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עמוד בית
Sat, 02.03.24

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June 2017
Hadar Moran-Lev MD, Dror Mandel MD, Yosef Weisman MD, Amit Ovental and Ronit Lubetzky MD

Background: Israel is a country with a sunny climate; however, vitamin D deficiency and insufficiency are common findings in certain populations whose exposure to sunlight is limited. Medical residency is known for long indoor working hours, thus theoretically limiting the opportunities for sun exposure.

Objectives: To evaluate whether the vitamin D status among residents in a single medical center in Tel Aviv is below the normal range.

Methods: Forty-six residents (28 females, 18 males, average age 33.9 ± 2.8 years) in three residency programs (internal medicine, general surgery/obstetrics and gynecology, pediatrics) were recruited. Demographic data, personal lifestyle, physical activity details and sun exposure duration were obtained by a questionnaire. Serum levels for 25(OH)D were analyzed by a radioimmunoassay.

Results: The mean serum 25(OH)D concentration was 29.8 ± 5.8 ng/ml. According to Institute of Medicine definitions, none of the residents were vitamin D deficient and only two residents (4%) were vitamin D insufficient (15 ng/ml each). The level of 25(OH)D was similar among the various medical specialties. The 25(OH)D levels correlated with the duration of sun exposure and the number of offspring (regression analysis: R2 = 9.2%, P < 0.04 and R2 = 8.9%, P < 0.04, respectively), but not with nutritional data, blood chemistry, or extent of physical activity. 

Conclusions: Most of the residents maintained normal or near normal 25(OH)D levels, indicating that the residency program itself did not pose a significant risk for vitamin D deficiency. 

 

July 2014
Boaz Amichai MD, Marcelo H. Grunwald MD, Batya Davidovici MD and Avner Shemer MD

Background: Tinea pedis is a common chronic skin disease; the role of contaminated clothes as a possible source of infection or re-infection has not been fully understood. The ability of ultraviolet light to inactivate microorganisms has long been known and UV is used in many applications.

Objectives: To evaluate the effectivity of sun exposure in reducing fungal contamination in used clothes.

Methods: Fifty-two contaminated socks proven by fungal culture from patients with tinea pedis were studied. The samples were divided into two groups: group A underwent sun exposure for 3 consecutive days, while group B remained indoors. At the end of each day fungal cultures of the samples were performed.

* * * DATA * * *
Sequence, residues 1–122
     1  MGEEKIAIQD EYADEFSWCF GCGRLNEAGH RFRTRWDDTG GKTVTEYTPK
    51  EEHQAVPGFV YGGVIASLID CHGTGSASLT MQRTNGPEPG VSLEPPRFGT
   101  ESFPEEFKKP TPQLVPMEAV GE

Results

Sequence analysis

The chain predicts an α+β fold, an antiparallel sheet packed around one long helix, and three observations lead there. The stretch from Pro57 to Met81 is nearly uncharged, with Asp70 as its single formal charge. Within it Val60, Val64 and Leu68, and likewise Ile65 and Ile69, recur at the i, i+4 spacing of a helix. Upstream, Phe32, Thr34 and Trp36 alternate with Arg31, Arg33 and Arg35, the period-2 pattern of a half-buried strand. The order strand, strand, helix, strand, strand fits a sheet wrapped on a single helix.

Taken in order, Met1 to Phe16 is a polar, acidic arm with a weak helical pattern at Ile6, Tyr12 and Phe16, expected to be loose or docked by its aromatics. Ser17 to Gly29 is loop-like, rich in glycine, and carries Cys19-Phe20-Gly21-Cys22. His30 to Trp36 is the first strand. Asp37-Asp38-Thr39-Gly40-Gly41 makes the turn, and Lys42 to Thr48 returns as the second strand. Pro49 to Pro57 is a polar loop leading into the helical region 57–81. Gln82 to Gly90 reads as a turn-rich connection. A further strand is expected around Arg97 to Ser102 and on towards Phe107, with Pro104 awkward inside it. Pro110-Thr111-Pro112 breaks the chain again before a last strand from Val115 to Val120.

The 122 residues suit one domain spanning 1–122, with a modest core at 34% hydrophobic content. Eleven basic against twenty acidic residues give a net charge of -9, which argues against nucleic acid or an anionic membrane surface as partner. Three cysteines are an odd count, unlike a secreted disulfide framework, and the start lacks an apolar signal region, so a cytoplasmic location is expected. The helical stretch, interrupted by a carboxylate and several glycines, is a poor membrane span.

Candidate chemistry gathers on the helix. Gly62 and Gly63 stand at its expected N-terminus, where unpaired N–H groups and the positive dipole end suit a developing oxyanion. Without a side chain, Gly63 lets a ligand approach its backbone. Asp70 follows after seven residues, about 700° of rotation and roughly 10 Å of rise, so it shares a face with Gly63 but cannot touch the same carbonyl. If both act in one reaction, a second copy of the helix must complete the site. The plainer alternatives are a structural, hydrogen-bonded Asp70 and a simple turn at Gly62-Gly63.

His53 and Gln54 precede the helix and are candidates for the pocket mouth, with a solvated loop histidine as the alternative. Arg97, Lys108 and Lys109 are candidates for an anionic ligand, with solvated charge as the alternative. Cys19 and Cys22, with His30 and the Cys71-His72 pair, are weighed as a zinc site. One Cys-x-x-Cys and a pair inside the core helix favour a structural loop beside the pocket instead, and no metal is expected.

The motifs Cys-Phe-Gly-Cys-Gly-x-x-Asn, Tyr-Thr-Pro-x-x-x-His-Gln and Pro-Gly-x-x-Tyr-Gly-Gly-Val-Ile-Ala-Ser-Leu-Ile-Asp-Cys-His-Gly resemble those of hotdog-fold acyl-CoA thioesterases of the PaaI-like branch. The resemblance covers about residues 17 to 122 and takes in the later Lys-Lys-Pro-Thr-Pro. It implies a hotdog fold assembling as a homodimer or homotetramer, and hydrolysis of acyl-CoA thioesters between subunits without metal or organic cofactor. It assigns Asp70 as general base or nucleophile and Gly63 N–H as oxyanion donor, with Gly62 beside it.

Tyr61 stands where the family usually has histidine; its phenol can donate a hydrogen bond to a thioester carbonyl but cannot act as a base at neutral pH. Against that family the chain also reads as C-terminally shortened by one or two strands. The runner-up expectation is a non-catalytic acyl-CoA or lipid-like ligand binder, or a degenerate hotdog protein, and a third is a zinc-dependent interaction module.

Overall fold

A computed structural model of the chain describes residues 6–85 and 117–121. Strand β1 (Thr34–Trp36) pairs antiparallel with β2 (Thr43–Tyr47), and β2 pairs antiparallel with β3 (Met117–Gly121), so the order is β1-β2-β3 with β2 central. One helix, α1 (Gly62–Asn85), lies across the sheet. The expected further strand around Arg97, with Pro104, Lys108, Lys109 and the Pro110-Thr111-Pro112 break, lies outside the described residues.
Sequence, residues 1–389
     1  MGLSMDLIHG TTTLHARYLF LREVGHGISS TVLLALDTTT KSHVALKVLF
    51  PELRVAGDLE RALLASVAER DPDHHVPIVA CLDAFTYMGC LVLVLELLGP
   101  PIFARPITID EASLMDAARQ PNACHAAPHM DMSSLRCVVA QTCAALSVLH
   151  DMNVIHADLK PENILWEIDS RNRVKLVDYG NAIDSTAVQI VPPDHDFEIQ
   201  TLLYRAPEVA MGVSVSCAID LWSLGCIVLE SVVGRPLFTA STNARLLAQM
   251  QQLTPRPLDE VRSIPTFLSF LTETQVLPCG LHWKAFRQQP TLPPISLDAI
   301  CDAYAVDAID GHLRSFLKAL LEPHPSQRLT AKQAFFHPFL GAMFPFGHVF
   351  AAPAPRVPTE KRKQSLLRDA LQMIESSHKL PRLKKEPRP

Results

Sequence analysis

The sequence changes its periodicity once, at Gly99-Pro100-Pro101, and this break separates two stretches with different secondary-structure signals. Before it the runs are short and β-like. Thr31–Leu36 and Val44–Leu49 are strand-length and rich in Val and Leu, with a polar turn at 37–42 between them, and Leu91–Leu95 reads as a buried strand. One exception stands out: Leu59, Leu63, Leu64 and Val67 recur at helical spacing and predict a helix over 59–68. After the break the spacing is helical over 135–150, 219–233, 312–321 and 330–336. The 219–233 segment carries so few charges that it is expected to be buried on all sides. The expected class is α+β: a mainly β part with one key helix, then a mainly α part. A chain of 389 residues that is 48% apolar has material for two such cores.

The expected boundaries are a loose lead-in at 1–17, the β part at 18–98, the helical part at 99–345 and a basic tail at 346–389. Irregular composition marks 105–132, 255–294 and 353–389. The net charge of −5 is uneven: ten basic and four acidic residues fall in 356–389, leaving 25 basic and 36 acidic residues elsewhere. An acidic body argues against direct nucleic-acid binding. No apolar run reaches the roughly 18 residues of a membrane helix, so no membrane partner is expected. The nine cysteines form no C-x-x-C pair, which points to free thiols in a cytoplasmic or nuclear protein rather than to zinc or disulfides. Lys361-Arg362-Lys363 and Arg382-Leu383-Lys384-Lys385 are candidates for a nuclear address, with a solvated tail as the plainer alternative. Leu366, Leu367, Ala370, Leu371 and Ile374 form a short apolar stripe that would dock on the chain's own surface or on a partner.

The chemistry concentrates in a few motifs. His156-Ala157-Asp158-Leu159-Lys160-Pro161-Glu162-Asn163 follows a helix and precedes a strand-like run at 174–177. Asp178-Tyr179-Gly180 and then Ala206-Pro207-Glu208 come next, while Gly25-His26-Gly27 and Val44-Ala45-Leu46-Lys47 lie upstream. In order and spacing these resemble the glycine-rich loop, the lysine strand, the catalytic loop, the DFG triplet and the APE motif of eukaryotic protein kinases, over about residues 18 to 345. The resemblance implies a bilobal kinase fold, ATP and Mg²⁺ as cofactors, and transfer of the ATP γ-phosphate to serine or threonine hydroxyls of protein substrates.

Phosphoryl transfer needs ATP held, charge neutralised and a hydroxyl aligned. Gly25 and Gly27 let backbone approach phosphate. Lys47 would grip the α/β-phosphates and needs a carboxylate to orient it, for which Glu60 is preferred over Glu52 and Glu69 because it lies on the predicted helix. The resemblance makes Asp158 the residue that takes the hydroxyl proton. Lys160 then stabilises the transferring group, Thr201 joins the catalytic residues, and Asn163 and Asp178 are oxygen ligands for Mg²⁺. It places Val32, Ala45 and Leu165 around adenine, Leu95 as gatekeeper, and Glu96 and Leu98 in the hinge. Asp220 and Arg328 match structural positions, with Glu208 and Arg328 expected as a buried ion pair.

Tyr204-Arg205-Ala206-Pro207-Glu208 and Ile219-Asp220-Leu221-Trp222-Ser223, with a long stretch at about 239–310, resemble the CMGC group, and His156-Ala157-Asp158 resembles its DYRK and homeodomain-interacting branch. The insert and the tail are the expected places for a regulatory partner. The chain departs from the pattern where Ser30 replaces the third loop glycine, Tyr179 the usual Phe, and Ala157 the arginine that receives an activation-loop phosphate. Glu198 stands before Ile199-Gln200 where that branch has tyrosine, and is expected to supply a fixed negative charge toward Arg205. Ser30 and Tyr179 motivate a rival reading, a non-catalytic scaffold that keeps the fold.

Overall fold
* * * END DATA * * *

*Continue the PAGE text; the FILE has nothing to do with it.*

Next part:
Results: Overall, there was an increase in the percentage of negative cultures with time. The change was significantly higher in socks that were left in the sun (chi-square for linear trend = 37.449, P < 0.0001).

* Louis Brandeis, Associate Justice of the U.S. Supreme Court, 1913

Conclusions: Sun exposure of contaminated clothes was effective in lowering the contamination rate. This finding enhances the current trends of energy saving and environmental protection, which recommend low temperature laundry.

October 2013
O. Eyal, M. Aharon, R. Safadi and M. Dranitzki-Elhalel
 Background: Vitamin D deficiency was shown to be prevalent among renal transplant recipients in northern countries, but little is known regarding risk factors.

Objectives: To test vitamin D levels in kidney transplant recipients residing closer to the equator, compare them to levels in liver transplant recipients and hemodialysis patients, and identify possible risk factors.

Methods: In a cross-sectional study 103 kidney transplant recipients, 27 liver transplant recipients and 50 hemodialysis patients followed at our institute were tested for vitamin D levels. Demographic data, medical history and current treatment were recorded from the medical files.

Results: Inadequate vitamin D levels (< 30 ng/ml) were found in 75% of all patients and 75% of all kidney transplant recipients. Vitamin D levels were higher among dialysis patients than transplant recipients, though deficiency rates were similar. No association was found between kidney function and vitamin deficiency. Deficiency was associated with higher prednisone doses, use of mycophenolate sodium, tacrolimus, and iron supplements, or lower doses of vitamin D supplementation.

Conclusions: Despite potential higher ultraviolet B exposure, inadequate vitamin D levels were prevalent in our study group. Importantly, some immunosuppressive medications were associated with vitamin D deficiency and high doses of vitamin D were associated with less deficiency.

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